Mem Inst Oswaldo Cruz, Rio de Janeiro, VOLUME 114 | JAN 2019
Methylation of p16ink4a promoter is independent of human papillomavirus DNA physical state: a comparison between cervical pre-neoplastic and neoplastic samples
1Universidade Federal Fluminense, Departamento de Microbiologia e Parasitologia, Niterói, RJ, Brasil
2Instituto Nacional de Câncer, Programa de Genética, Rio de Janeiro, RJ, Brasil
BACKGROUND Epigenetic modifications in host cells, like p16ink4a methylation, have been considered as putative complementary mechanisms for cancer development. Because only a small proportion of infected women develop cervical cancer, other factors might be involved in carcinogenesis, either independently or in association with high-risk human papillomavirus (HR-HPV) infections, including epigenetic factors.
OBJECTIVES We hypothesised that p16ink4a methylation might have a role in cancer development driven by HPV16, mainly in the presence of intact E1/E2 genes. Thus, our objectives were to assess the status of p16ink4a methylation and the HPV16 E1/E2 integrity in samples in different stages of cervical diseases.
METHODS Presence of HPV16 was determined by E6 type-specific polymerase chain reaction (PCR). Methylation status of the p16ink4a promoter was assessed by methylation-specific PCR in 87 cervical specimens comprising 29 low-grade (LSIL), 41 high-grade (HSIL) lesions, and 17 cervical cancers (CC). Characterisation of E1 and E2 disruption (as an indirect indicator of the presence of episomal viral DNA) was performed by PCR amplifications.
FINDINGS We observed a significantly increased trend (nptrend = 0.0320) in the proportion of methylated p16ink4a in cervical samples during cancer development. Concomitant E1 and E2 disruptions were the most frequent pattern found in all groups: CC (76%), HSIL (54%), and LSIL (73%). No statistically significant differences between p16ink4a methylation and E1/E2 integrity, in histological groups, was observed.
MAIN CONCLUSIONS There was an increase in methylation of the p16ink4a promoter from pre-neoplastic lesions to cancer. Additionally, a high frequency of E1/E2 disruptions in LSIL/HSIL suggested that viral DNA integration was an early event in cervical disease. Moreover, the methylation status was apparently independent of HPV16 integrity.
The International Agency for Research on Cancer (IARC) recognises 12 types of high-risk (HR) oncogenic human papillomavirus (HPVs) (HR-HPV16, 18, 31, 33, 35, 39, 45, 51, 52, 56, 58, and 59) due to their high prevalence (> 99%) in cervical cancer (CC) and profuse molecular evidence.(1) HPV16 is the most prevalent genotype worldwide, either in cytologically normal samples (20.4%), pre-neoplastic lesions (25.1-47.5%) or cervical tumors (62.6%).(2)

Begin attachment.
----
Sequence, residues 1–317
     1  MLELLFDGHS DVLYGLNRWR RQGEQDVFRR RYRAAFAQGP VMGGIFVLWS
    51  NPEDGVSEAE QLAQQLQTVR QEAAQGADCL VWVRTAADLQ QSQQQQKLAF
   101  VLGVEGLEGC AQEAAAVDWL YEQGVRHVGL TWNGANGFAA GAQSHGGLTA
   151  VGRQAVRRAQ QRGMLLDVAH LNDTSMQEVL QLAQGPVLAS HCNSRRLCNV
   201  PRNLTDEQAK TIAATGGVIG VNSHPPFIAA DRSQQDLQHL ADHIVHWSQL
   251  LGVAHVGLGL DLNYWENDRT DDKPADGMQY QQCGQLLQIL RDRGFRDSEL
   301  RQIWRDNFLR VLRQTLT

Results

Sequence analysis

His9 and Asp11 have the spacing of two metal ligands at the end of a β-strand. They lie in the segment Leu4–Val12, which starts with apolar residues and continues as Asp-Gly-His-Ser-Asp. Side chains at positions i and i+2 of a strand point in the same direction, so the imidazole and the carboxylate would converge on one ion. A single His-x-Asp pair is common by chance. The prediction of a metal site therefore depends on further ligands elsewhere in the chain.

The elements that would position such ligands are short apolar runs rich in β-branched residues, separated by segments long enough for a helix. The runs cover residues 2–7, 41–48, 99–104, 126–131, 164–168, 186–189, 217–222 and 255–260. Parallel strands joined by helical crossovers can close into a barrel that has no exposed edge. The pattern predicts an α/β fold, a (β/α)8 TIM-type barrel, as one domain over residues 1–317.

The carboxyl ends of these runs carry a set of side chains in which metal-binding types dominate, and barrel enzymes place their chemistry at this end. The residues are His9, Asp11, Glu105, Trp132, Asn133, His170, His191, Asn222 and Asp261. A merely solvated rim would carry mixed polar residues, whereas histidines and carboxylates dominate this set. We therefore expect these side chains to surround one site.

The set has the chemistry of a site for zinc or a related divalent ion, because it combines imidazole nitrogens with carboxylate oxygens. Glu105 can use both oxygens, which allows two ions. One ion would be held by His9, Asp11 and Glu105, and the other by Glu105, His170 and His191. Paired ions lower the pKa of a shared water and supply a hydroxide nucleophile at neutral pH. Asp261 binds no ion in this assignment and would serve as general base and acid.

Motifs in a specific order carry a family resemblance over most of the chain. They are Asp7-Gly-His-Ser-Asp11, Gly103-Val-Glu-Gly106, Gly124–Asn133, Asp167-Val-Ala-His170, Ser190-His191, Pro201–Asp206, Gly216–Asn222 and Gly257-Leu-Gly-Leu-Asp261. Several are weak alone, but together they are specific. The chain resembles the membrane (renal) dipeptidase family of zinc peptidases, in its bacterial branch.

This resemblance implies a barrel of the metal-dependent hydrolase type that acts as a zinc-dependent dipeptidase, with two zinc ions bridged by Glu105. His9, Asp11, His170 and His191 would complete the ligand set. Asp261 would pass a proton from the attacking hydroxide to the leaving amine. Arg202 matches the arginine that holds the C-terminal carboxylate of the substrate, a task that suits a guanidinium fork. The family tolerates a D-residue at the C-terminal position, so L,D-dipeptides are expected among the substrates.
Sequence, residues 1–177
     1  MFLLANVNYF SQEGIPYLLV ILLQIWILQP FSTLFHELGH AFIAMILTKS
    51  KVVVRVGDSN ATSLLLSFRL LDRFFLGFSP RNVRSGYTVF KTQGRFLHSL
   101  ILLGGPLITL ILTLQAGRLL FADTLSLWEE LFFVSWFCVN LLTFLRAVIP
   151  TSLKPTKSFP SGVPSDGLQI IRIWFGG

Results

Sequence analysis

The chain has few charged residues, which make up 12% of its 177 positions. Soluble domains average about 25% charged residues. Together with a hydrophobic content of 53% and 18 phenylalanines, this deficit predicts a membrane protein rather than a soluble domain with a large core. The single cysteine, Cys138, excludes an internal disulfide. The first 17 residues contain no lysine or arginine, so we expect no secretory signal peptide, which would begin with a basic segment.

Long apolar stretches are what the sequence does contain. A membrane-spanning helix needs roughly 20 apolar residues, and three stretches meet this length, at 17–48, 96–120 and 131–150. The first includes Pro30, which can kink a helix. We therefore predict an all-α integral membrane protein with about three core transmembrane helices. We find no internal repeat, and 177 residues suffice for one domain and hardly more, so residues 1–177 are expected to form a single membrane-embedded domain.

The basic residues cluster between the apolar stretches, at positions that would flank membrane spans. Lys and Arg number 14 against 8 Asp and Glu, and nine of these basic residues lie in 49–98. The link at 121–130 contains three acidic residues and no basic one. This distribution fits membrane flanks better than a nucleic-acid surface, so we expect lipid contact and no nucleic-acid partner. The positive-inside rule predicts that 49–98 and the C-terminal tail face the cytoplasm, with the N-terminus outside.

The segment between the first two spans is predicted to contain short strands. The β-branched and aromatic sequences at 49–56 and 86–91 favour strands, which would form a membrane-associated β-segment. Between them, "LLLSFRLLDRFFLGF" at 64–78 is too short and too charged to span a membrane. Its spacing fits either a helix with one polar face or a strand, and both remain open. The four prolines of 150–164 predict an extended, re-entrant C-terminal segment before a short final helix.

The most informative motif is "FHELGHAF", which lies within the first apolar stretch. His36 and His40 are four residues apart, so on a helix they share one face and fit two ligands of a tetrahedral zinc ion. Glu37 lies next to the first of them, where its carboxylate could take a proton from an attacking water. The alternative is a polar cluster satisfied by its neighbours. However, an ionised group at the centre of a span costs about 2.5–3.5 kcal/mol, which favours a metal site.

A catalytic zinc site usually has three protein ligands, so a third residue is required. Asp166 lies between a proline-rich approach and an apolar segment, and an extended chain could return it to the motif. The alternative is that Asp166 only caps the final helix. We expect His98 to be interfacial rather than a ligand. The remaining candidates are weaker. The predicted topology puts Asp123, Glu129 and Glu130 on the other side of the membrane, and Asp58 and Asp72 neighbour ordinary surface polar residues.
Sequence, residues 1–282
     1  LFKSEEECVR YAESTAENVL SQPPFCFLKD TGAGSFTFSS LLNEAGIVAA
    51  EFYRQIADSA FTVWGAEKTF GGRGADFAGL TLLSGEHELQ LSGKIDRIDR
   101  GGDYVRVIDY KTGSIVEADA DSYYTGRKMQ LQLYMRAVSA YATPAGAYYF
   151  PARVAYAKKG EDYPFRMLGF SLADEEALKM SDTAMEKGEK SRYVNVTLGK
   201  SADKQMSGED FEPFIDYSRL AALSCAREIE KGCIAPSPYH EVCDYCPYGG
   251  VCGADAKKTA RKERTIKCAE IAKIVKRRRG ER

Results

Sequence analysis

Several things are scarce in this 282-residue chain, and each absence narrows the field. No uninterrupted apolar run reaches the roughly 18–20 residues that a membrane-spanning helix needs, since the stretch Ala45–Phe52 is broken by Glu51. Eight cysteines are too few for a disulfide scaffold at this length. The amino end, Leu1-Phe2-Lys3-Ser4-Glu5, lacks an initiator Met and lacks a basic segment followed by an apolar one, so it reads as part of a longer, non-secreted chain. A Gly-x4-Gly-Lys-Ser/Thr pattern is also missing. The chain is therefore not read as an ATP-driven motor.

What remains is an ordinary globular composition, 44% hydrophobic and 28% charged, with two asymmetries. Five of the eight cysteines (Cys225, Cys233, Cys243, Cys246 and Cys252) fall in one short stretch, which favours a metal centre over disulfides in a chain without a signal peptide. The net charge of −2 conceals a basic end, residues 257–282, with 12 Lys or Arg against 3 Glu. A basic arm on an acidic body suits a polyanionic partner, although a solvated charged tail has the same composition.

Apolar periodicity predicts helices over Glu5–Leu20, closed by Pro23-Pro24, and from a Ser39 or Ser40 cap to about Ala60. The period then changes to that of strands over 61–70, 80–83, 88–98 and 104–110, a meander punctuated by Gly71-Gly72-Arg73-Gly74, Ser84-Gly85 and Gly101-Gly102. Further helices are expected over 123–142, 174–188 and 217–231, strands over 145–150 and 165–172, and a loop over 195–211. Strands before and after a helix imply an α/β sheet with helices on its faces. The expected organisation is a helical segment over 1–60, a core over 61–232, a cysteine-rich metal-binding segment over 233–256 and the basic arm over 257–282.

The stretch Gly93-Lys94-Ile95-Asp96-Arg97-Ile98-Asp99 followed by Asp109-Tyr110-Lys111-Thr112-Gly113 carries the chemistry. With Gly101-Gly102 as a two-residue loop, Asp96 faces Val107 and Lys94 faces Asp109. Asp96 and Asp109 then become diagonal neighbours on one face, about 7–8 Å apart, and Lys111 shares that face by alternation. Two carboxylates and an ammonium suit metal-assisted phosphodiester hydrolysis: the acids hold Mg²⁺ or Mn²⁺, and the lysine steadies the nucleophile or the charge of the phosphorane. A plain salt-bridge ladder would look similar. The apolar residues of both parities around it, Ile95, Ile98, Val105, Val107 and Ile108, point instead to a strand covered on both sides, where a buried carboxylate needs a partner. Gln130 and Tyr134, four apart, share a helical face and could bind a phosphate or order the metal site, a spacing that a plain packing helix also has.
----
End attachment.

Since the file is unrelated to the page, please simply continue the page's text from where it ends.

HR-HPV induced oncogenesis is strongly associated with overexpression of E6 and E7 viral oncoproteins and inhibition of the most relevant tumor-suppressor pathways, represented by p53 and pRB cell proteins.(3) Generally, HR-HPV-E6 forms a protein complex with p53 followed by proteasome mediated degradation, thus affecting the p53-induced pathway of growth-arrest and apoptosis.(3) On the other hand, it also interferes with the retinoblastoma gene protein (pRB) that controls the expression of proteins required for cell-cycle progression following association with the E2F transcription factor.(3) In non-infected hosts, phosphorylation of pRB induced by cyclin D: cyclin dependent kinases 4 and 6 (cyclin D:CdK4/6) releases E2F, driving the expression of proteins involved in the progression of G1 to S-phase.(3) By a negative feedback mechanism, P16 level rises and regulates the level of cyclin D:CdK4/6, inhibiting pRB phosphorylation, thus allowing for formation of pRB/E2F complexes that eventually block cell cycle progression.(3) In the presence of HR-HPV, the E7 oncoprotein binds to pRB, maintaining a high level of free E2F, activating proliferation, independent of cyclinD/CdK4/6 induced phosphorylation.(3, 4) Consequently, p16 accumulates in cells, in the absence of a feedback-mediated regulation, a reason for the association of p16ink4a overexpression in cervical specimens with HR-HPV transformation.(3, 5, 6)
HR-HPV E6 and E7, moreover, generate severe chromosomal instability, favouring HPV DNA disruption and integration into the host genome. This leads to increased expression and stability of E6 and E7 transcripts due to disruption of the viral genome, which frequently occurs upstream or at the E2 gene, resulting in E2 inactivation and cancer development. This is because E2 encodes a dose-dependent transcriptional repressor of the E6/E7 HPV DNA promoter at the 3’LCR.(7, 8, 9) However some studies have shown that approximately 40% of cervical tumors harbour episomal or concomitant forms of HPV16 DNA, indicating the presence of a functional E2 protein.(10, 11, 12)
Furthermore, since only a small proportion of infected women develop cervical cancer, other factors might be involved in carcinogenesis, either by themselves or in association with HR-HPV infections, including environmental, immunologic, behavioral, hormonal, genetic and epigenetic factors.(13, 14) Among genetic and epigenetic factors, inactivation of the p16ink4a gene (cyclin-dependent kinase inhibitor 2a, CDKN2A) by point mutations, deletions, and methylation, has been reported in a large number of other cancers, an event that might also contribute to cervical cancer development.(15)